Last week, Holocaust survivor and former Chemistry Lecturer at Lancaster University, Stephen Breuer, gave an account to students of his experiences as a child under Nazi persecution to commemorate national Holocaust Memorial Day held on the 27th of this month. Held by the University’s Politics Society, students filled Frankland Lecture Theatre to ask questions and to listen to Stephen’s memories of being a young Jew in occupied Hungary.
The Memorial Day is held annually to pay tribute to approximately 11 million people who died in the Holocaust. The genocide, initiated by Adolf Hitler’s Nazi Germany and the Axis Powers, persecuted mostly Jews but also political opponents, Jehovah’s witnesses, prisoners of war and other minority groups. During the retelling of his account, Breuer explained that if we were to remain silent for a minute for every person who was killed we would be silent for 21 years.
Hungary was occupied by the Nazi’s in March of 1944 and anti-Semitic laws were enforced within three months. While his father was sent to the German Buchenwald concentration camp, where he passed away in January of 1945, Stephen along with his mother, brother, aunt, uncle and grandmother were amongst just over 50 to be put on a different train to a ghetto in Budapest rather than to Auschwitz; 1.1 million people were died here alone. He also spoke of two other uncles who survived Auschwitz. One survived due to a guard protecting him. Another miraculously was one of 3 out of 4000 who survived a mass shooting by pretending to be dead.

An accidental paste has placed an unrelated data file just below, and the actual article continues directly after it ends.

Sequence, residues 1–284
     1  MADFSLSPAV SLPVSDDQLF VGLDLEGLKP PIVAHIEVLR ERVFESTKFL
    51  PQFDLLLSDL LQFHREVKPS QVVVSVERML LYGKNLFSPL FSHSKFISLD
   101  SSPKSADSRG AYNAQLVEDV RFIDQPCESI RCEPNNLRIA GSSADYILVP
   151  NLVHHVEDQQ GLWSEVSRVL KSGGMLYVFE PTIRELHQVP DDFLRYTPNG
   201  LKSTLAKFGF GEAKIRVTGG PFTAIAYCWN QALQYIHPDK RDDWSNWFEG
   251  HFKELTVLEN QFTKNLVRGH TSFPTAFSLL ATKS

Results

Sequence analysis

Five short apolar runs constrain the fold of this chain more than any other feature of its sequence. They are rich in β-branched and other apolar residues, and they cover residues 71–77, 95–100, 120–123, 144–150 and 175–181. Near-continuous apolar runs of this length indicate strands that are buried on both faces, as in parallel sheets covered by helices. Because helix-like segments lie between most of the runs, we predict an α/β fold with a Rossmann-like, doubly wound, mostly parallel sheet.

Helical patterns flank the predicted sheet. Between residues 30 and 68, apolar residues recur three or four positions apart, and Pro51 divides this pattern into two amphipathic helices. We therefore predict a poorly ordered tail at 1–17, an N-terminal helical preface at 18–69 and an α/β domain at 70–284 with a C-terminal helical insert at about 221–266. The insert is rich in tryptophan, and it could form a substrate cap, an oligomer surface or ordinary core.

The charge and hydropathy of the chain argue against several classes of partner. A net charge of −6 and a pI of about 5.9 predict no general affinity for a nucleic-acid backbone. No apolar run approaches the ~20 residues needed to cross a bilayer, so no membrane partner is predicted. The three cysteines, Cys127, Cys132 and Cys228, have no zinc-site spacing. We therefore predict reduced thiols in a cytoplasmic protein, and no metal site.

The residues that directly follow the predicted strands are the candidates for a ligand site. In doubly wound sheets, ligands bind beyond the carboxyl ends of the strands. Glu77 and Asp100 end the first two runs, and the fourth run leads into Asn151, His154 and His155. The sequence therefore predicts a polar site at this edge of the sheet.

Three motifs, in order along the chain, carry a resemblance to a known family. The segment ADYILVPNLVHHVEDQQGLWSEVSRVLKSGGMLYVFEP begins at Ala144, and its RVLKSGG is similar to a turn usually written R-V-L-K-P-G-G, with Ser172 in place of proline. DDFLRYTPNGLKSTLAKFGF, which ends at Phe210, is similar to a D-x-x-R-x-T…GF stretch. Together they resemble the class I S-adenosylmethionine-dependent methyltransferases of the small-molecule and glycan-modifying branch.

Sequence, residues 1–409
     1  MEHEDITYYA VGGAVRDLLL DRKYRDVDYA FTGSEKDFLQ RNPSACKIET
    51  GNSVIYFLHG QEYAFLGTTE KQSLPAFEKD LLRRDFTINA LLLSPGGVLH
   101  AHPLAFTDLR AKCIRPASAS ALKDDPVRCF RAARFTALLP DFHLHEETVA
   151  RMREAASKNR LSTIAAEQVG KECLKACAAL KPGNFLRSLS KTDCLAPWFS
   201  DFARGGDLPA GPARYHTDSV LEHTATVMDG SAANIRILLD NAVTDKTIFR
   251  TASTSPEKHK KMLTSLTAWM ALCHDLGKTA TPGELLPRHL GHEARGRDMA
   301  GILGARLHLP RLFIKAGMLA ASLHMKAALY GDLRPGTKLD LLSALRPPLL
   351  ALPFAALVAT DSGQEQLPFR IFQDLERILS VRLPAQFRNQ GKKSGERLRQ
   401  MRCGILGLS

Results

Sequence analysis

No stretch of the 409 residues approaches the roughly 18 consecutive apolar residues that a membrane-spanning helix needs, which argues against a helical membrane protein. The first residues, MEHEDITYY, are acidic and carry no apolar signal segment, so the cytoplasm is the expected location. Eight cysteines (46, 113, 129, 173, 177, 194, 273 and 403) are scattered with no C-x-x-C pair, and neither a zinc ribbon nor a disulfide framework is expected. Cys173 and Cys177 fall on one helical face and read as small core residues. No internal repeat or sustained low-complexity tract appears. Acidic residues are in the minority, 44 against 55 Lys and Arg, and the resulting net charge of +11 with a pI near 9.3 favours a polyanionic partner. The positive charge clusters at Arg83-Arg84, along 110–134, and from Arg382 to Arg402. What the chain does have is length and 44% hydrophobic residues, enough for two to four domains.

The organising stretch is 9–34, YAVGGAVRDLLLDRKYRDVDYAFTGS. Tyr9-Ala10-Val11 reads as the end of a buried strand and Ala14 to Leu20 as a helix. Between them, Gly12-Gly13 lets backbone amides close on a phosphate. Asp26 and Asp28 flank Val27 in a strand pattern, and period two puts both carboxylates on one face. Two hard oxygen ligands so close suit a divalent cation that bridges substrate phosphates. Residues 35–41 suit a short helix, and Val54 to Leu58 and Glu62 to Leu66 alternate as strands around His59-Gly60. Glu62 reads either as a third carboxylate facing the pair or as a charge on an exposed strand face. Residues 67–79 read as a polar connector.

Originally, Stephen had chosen not to speak of his experiences for over 60 years, he worked at the University from 1967 to 2002 in the Chemistry department. Today, he has 12 years of experience speaking to schools, universities and colleges about his story his family’s stories.
To conclude his presentation, Stephen finished by stating, ‘judge people on what they do, not what they are’ which captures the 2018 Memorial Day’s poignant theme of ‘The Power of Words’. The Memorial Day Trust in a statement said that ‘words can make a difference – both for good and evil’ and that communities remembering should explore how language has been used both in the past and present to remember victims of the Holocaust and to share the stories of survivors. Their statement also included a known quotation from Anne Frank:
‘I want to go on living even after my death! And that’s why I am so grateful to God for having given me this gift, which I can use to develop myself and to express all that’s in me. When I write I can shake off all my cares; my sorrow disappears; my spirits are revived’. -Anne Frank’s Diary, 5th April 1944
Over the past few weeks, memorial events have been taken place both nationally and locally. Over 400 MP’s have signed the Holocaust Educational Trust’s Book of Commitment, including the leader of the opposition Jeremy Corbyn and the Prime Minister Theresa May who vowed ‘to ensure we never forget where prejudice and hatred can lead’.
At the University, various events such as a tree planting ceremony and a commemoration in Alexander Square have taken place, and in the town centre, an Inter-faith service took place at the Priory Church at 6:30pm for remembrance and reflection.